Video Editing Tutorial

After months of film-to-video transfers, junior high school play recording and dog show documentation, you finally have a chance to do your own thing.
Monsters Among Us--that's the title of your planned epic, and you're confident that your knowledge of scriptwriting, camerawork, directing and editing will get you that Hollywood contract you've long dreamed about.

When you've finished your masterpiece, you shop it around to all the various buyers of unsolicited material, but nobody wants it.
This is a mystery to you, because your technical knowledge of videomaking is without parallel--you know how to use every TBC, DVE, CG and DTV PC out there. What's more, your onscreen talent is without compare, all the camerawork is technically perfect and the audio is crystal clear. Yet still nobody wants it. What could be missing?

You knew shots weren't fitting together like some precise, oversized jigsaw puzzle. Transitions were a little jumpy. Shot order didn't always flow. But hey, it's your first original effort. The finished product may be flawed, but at least it's finished, right? You stayed within budget, paid the cast and crew, and even managed to stay married throughout the whole thing. So who has time for "art," anyhow?

It's easy to forget about the artistic side of a production, especially in the editing stage, when it comes time to put the whole thing together. Most video production literature concentrates on getting things done, while ignoring the art, or aesthetics, of cutting a video.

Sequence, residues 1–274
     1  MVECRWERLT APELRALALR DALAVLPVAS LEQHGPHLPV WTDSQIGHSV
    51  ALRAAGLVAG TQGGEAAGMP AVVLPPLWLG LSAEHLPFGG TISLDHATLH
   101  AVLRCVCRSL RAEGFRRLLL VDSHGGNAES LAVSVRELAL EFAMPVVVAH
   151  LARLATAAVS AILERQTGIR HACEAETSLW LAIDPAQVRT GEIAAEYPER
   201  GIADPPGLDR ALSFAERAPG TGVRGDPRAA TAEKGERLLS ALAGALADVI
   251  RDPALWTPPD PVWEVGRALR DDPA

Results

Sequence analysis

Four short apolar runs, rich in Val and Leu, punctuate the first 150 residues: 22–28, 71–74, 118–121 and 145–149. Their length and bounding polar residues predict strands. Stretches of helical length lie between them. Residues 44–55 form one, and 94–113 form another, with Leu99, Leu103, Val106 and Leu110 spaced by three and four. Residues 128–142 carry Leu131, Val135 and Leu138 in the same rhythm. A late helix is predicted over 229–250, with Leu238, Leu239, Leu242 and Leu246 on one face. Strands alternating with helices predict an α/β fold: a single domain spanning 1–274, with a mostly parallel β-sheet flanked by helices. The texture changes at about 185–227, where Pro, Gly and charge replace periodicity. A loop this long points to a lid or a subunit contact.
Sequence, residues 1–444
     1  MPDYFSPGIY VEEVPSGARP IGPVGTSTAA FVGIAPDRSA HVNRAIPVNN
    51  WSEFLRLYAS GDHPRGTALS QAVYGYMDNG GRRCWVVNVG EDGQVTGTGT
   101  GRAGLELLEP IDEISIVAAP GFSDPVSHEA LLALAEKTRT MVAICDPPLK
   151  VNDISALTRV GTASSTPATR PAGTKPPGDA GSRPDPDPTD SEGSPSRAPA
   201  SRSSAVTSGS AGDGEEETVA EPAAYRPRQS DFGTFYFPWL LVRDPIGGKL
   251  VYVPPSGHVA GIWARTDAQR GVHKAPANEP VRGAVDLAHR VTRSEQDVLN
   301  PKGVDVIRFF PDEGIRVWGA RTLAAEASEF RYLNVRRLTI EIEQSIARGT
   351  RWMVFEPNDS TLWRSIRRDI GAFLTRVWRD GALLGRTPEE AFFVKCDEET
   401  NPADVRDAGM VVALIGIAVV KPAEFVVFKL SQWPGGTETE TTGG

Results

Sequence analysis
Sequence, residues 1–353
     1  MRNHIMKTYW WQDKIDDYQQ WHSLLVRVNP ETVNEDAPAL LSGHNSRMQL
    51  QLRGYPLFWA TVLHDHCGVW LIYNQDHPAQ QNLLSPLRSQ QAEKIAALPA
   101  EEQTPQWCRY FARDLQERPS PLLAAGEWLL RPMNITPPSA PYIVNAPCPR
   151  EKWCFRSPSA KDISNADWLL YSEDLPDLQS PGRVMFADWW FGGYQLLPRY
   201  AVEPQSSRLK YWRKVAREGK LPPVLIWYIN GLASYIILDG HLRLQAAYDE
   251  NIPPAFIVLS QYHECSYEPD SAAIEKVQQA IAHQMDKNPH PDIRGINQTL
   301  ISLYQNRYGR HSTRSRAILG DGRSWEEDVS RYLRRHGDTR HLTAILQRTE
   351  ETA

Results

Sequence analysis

This is perhaps because editing aesthetics are hard to describe. In textbook terms, you can define aesthetics as the manipulation of various shots to affect the audience's response to the program. Some people like to say that aesthetics are what makes a show easier to watch. But even that is misleading because many artists use aesthetics to shock or disorient the audience. My own humble definition goes like this: aesthetics are what gives your video a cohesive feel, and the way you cut your production will often influence the audience's sense of visual and aural "correctness."

Though people often talk about aesthetics in airy, ambiguous terms, there are several hard-and-fast techniques you can use during the editing process to increase the aesthetic appeal of your productions. Let's examine some of them.

Screen Direction
In Monsters, some nasty aliens are in hot pursuit of our hero. It's a somewhat involved sequence, with the chase carrying the action through several different settings. As the hero runs out of his house, he heads screen left. In the next cut, our hero must appear to be traveling in the same direction--screen right to screen left. If he's not, it'll look like he's running in circles.

The same goes for the monsters. If you cross cut from a shot of the actor running right to left to a shot of the pursuing uglies, they too must be following in the same direction. If the next shot contains your villainous monster running left to right, it appears as if the monster and actor are running away from each other!